This article by Marc Kristal from Metropolis Magazine, originally titled “Digital Details,” looks at the work of NRI, a New York company that is leading the way when it comes to 3D Printing (or rather, additive manufacturing) – finding that there is a craft in these machine-produced models after all. First things ﬁrst: The term “3-D printing” is a misnomer according to Arthur Young-Spivey, the digital fabrication specialist at NRI—a 116-year-old, New York–headquartered supplier of reprographic services to architects and their tradespeople. “The correct term is ‘additive manufacturing,’” he explains. “People call it 3-D printing because it enables you to wrap your head around it, but in some ways it’s confusing.” Young-Spivey has a point, as the process by which a digital ﬁle is converted into an object isn’t “printing” in the commonly understood sense of applying pigment on a substrate. With 3-D printing, he says, “Instead of using paper, you’re printing with powder or plastics.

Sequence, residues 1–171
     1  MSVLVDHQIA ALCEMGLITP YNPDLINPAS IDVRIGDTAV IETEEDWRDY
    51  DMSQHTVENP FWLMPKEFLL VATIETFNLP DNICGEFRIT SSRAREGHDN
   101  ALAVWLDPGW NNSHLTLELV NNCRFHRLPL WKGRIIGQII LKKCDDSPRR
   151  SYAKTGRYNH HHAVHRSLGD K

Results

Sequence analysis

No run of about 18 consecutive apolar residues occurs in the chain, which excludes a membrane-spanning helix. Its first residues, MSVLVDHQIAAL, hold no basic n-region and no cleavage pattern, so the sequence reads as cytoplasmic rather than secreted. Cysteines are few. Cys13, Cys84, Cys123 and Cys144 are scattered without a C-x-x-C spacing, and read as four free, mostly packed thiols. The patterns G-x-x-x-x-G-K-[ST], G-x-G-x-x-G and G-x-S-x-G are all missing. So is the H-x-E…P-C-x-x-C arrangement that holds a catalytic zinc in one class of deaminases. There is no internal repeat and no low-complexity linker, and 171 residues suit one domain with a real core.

Screen/Print #11: OASE's "Building Atmosphere" 7 days 2 “Building Tomorrow” Exhibit
East Hampton Beach House Renovation by Utopus Studio A full restoration and renovation of an existing summer vacation home in East Hampton, the main requirements called for the restoration of the existing shell throughout the façade. As well as new mezzanine railing, millwork, carpeting, lighting, hardware and finishes in the interior. The main concept aesthetically was to create an environment mixing large white/neutral painted walls with unfinished painted wood siding and blue-gray accent walls, niches or rooms.